Posts Tagged ‘1809’

When President Washington took the oath of office for the first time, political parties didn’t really exist.  Well, they sort of did, in the sense that groups of people (and therefore, groups of politicians) held different views of how this infant governmental experiment should work.

By the time John Adams had taken office, there were two pretty well-defined parties, the Federalists and the Anti-Federalists.  What’s rather humorous is that members of each party still believed there was only one party…their own.  The other party was considered to a break-away faction, a group of naughty boys that needed a good spanking to be brought back in line.

When Jefferson’s tenure as President ended, members of the two parties pretty much wouldn’t talk to each other about their differences.  The divide was growing more pronounced.  These days, Republicans and Democrats in Congress squawk at each other from the relative safety of the microphone and dais.  In Jefferson’s day, opposing politicians occasionally fought each other with fists, and “pistols at 20 paces” wasn’t out of the question.

Against this backdrop, James Madison took office as the fourth President.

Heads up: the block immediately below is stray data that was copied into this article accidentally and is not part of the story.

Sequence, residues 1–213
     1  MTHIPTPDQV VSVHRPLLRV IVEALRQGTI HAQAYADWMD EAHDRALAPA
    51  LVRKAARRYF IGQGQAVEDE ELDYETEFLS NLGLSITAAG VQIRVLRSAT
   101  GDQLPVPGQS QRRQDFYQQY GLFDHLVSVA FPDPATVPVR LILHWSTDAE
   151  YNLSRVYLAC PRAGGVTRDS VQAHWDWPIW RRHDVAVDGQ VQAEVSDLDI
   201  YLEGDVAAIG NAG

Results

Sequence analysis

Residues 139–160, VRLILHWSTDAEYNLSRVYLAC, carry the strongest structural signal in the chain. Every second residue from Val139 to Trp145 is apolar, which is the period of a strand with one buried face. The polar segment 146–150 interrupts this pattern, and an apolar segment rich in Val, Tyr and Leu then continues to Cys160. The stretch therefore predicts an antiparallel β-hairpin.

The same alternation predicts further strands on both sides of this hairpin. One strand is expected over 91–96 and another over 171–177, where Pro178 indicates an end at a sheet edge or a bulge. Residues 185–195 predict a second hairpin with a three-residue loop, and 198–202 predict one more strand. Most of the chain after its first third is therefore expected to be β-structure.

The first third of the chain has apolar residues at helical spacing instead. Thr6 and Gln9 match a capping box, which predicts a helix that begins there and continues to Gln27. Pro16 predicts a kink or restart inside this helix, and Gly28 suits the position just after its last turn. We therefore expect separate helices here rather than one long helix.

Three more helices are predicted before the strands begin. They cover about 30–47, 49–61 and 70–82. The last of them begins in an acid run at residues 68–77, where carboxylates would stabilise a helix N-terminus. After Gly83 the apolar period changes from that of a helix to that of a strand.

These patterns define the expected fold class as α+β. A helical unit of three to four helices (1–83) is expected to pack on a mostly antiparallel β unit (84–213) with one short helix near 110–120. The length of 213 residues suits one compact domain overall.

The First Lady, Dolley, wasn’t much into the whole fighting thing.  In fact, she wasn’t a fan of conflict at all.  But she liked to entertain and, apparently, she liked to decorate as well.  And both of these came together quite nicely on this day in history.  When the Madisons moved into the White House, it was entering its second decade of service to the First Family.  They decided the place could use some sprucing up.

The process of redecorating began and, as the end of May approached, enough progress had been achieved for Dolley to plan something of a party.  On May 31, 1809 (which happened to be a Wednesday), guests were treated to the first White House “drawing rooms” gathering.

In his biography of James Madison, Ralph Ketcham described the occasion.  “Congressmen and their wives, socially prominent Washingtonians, visiting belles, and foreign emissaries crowded the White House rooms for a glimpse of the new furnishings and the new presidential pair.  Military music filled the house, and the guests helped themselves from buffets loaded with punch, cookies, ice cream, and fruit.

Here, members of opposing political viewpoints actually put their differences aside to engage in pleasant conversation while listening to music and eating their favorite goodies.  It helped to build a bit of camaraderie between highly volatile factions.  In her biography of the fourth First Lady, Catherine Allgor goes so far as to say, “If for no other reason than this, the drawing room contributed to the construction of a workable government.”  That may be a bit of an overstatement, but clearly, men were more civilized in their dealings with each other.

The event was a tremendous success, and Dolley was roundly praised for her elegance and hospitality.  The Wednesday “drawing rooms” became a regular occurrence.  A single room came to be the State Dining room and the attached parlor (today’s Red Room) along with another room.  Over time, attendance mushroomed to several hundred guests and a new, possibly more appropriate name – “Wednesday Squeezes” – came into being.